Space Explorer is a cooperative card and map game designed by Sid Sackson in 1977. It was published in a book of games called Beyond Competition, which includes five other titles. I’m usually excited to try vintage games that don’t involve trivia, because sometimes they are hiding once-tried-now-forgotten mechanics. I was especially excited to try this game because Sid Sackson is basically a grandparent of modern game design.
A quick note on the book: Sackson starts off the book with a word on games, and cooperation. I am curious how big of an audience he had back in 1977 for these types of publications, and how they were distributed. A mailing list? Specialty stores? I’ve also wondered how well, if at all, these books sold in other markets across the world. I don’t have answers to these questions, but hope to someday find out.
In Space Explorer, you and your teammates play cards to navigate your spaceship on a tour of the solar system. I played this solo, using the same rules outlined below.
The game is set up by creating a deck of 24 cards – four sets going from 1-6. I used a regular deck of playing cards, though there are cards that can be cut out from the back cover of the book (which, of course, I am not touching – my book needs to be pristine)!
After creating your deck, you will draw cards to determine the position of each planet, and then draw a final card to determine the direction your ship leaves Earth.
Gameplay is simple – start with a hand of 3 cards. Play any amount of cards to move your ship / change direction, or skip your turn and discard two cards. At the end of each turn, always draw back up to 3. The goal is to reach each planet in the solar system, in order, and return to Earth before running out of fuel.
As always, I love creating some head cannon when I play games solo. I decided my solo astronaut, Miri, was going to tour of the solar system on a slow, Friday evening. The planet positions seemed good – Mercury, Venus, Earth, Mars, and Jupiter were relatively close together. Saturn and Pluto were opposite Neptune and Uranus, so that presented a potential problem. But I was confident Miri could handle the trip!
As Miri moved from Earth towards Mercury, I quickly realized how challenging those tight orbits could be! Miri managed to position her ship just one hex from Mercury, but wasted quite a bit of fuel in orbit waiting for the right card. Her trip to Venus was similar – tight orbits and change of direction, and a bit of waiting for the right card. The first fuel cell was completely used, as she landed on Venus!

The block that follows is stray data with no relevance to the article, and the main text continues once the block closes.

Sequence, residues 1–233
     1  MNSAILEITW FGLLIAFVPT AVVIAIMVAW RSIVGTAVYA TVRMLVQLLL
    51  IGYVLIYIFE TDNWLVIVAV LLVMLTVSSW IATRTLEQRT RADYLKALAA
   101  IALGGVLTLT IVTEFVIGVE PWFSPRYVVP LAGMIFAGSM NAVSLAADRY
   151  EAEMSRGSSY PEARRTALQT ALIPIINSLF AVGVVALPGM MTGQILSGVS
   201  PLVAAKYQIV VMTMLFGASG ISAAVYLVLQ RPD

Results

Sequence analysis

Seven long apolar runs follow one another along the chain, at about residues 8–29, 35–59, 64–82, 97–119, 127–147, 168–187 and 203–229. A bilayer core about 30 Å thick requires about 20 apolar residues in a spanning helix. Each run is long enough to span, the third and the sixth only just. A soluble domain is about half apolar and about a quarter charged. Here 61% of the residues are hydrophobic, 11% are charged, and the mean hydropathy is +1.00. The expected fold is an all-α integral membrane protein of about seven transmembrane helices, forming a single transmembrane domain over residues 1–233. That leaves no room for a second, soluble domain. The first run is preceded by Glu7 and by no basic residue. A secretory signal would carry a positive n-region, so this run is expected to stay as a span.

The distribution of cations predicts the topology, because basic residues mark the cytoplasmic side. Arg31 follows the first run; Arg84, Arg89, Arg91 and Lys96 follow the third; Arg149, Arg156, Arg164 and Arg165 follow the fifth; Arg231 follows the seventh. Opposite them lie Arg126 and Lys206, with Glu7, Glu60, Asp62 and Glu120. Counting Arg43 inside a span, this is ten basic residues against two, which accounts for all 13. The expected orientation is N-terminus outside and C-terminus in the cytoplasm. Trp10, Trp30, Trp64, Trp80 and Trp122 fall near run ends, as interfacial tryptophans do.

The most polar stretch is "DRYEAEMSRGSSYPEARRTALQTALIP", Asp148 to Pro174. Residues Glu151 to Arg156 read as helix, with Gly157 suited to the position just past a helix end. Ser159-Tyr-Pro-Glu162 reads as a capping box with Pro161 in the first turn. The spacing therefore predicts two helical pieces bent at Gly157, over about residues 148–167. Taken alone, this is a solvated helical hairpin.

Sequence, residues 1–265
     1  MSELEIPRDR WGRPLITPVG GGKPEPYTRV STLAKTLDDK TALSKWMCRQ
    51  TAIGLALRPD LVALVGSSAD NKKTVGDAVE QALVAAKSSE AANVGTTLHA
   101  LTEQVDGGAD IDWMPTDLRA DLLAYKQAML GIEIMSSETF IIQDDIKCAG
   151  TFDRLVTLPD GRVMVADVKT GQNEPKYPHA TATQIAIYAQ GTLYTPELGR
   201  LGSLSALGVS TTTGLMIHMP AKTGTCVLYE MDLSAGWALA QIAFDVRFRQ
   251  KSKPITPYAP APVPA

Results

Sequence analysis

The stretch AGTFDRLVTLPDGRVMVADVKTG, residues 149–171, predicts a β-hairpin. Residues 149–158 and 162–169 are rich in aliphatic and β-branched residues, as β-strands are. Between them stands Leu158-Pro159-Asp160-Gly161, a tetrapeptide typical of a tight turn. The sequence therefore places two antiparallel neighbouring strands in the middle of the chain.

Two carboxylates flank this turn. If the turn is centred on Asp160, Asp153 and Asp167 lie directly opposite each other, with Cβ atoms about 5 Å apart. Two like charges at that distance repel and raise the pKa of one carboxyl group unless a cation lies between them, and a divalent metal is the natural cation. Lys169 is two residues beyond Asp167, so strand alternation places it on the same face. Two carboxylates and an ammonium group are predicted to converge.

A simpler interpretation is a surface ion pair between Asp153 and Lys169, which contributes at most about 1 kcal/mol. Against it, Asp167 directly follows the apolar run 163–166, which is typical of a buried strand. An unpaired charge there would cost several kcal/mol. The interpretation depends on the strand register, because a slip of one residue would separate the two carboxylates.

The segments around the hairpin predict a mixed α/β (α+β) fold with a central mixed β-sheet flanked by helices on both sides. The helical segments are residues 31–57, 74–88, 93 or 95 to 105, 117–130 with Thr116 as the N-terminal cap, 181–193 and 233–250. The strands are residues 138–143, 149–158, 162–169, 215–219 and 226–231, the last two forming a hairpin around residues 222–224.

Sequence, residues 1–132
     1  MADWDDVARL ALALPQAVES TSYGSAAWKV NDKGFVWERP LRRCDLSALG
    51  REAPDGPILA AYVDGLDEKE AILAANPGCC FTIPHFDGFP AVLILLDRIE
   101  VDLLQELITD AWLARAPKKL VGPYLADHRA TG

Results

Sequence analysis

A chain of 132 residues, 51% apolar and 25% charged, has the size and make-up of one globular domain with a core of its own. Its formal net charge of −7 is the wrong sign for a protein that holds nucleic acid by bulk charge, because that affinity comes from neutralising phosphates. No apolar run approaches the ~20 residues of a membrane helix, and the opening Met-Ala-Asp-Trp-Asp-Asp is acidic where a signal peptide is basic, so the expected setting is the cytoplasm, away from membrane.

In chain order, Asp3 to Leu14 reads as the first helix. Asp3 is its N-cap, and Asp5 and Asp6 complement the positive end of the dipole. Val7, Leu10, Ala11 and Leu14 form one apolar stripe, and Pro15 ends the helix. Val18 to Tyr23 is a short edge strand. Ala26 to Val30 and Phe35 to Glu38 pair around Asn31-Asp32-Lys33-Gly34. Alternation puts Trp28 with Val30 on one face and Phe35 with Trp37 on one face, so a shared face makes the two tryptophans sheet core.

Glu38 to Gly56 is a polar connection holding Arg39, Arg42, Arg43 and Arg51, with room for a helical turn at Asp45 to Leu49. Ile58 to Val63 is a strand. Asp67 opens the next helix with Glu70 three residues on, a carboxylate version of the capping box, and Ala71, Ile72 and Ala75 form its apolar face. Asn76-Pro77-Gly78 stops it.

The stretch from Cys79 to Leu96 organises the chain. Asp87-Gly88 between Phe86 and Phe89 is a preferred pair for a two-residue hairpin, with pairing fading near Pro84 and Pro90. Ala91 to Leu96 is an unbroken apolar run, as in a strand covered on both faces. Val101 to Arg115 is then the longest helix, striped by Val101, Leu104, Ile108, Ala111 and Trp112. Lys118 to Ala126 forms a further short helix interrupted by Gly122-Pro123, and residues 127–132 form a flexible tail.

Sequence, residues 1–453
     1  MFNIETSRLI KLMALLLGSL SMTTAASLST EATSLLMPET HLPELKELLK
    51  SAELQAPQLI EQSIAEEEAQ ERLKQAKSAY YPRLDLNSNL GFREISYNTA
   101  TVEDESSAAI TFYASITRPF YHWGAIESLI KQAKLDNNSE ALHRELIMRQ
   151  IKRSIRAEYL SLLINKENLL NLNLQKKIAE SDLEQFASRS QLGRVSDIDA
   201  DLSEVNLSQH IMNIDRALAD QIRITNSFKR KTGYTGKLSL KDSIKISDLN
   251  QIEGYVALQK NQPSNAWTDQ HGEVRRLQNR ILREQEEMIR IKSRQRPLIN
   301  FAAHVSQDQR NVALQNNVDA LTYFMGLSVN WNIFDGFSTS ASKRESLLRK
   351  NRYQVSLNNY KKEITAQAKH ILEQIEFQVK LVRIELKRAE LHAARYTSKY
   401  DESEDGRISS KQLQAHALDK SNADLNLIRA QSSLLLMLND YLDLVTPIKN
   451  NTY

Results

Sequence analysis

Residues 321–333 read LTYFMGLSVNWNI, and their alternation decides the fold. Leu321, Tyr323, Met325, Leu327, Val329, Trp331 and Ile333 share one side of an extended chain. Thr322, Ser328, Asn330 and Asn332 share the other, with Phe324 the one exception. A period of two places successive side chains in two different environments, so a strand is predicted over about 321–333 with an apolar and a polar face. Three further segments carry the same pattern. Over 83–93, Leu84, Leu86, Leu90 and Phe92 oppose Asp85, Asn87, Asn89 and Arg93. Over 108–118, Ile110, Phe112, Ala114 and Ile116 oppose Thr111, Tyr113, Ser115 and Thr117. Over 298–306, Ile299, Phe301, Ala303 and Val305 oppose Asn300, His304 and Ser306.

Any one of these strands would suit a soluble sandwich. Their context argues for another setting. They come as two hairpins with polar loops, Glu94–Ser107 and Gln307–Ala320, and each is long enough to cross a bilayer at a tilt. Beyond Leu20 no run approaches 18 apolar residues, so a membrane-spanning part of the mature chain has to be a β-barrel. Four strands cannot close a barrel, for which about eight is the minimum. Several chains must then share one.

Mars was much easier – a straight shot, and she was there! Jupiter was more of an issue though, as more fuel needed to be burned, waiting for the right card. Miri encountered more waiting as she approached Saturn, and burned through her second fuel cell.
It was around this time, I added a rule for solo play. I decided that each turn, I could play 3 cards, play 2 cards, or discard 2 cards – I could never play just 1. It seemed that, without a partner, there would never be a circumstance that would be in my best interest to play more than 1 card. I would always want to play 1 and then draw, to see what my next best option was. So, to keep the game fresh, I added that rule.
Finishing the Tour
Miri had some issues after Saturn. Long distances were easy and somewhat fun to navigate, but inevitably, she would approach a planet, and then burn fuel waiting for the right card. She burned a full fuel cell waiting to get to Uranus, another for Neptune, and another for Pluto. Her return to Earth, an anti-climatic one, required one more fuel cell of waiting before she landed safely. By the end, she had burned 7 fuel cells, most of it waiting.
I do not know what the gaming landscape was in 1977, but I thought there were some good ideas with this game. The positioning of the planets to start the game allow a good deal of replayability. The cardplay was interesting at times, and adding one or more players for cooperative play could lead to a better experience (maybe something closer to “The Game“).
However, I don’t think this game holds up to modern design. While navigating to different planets was fun, once I got to a planet I spent a lot of time waiting to draw the right card. This is a problem that probably wouldn’t go away with more players.
While the game hasn’t kept up with modern design, it was fun traveling back in time with this game. This is a type of game that would have caught my attention as a kid in the ‘90s as the navigation mechanism was flexible and could be easily modified. However, for it to really take hold, Space Explorer needs some adjusting- specifically, to take away the waiting problem. At the very least, it could provide a simple system for space movement that, when layered with mechanics for a new game, could be fresh and exciting.
At the end of the day, Miri made it home – and despite the age, Sid Sackson’s book has found its own home on my shelf.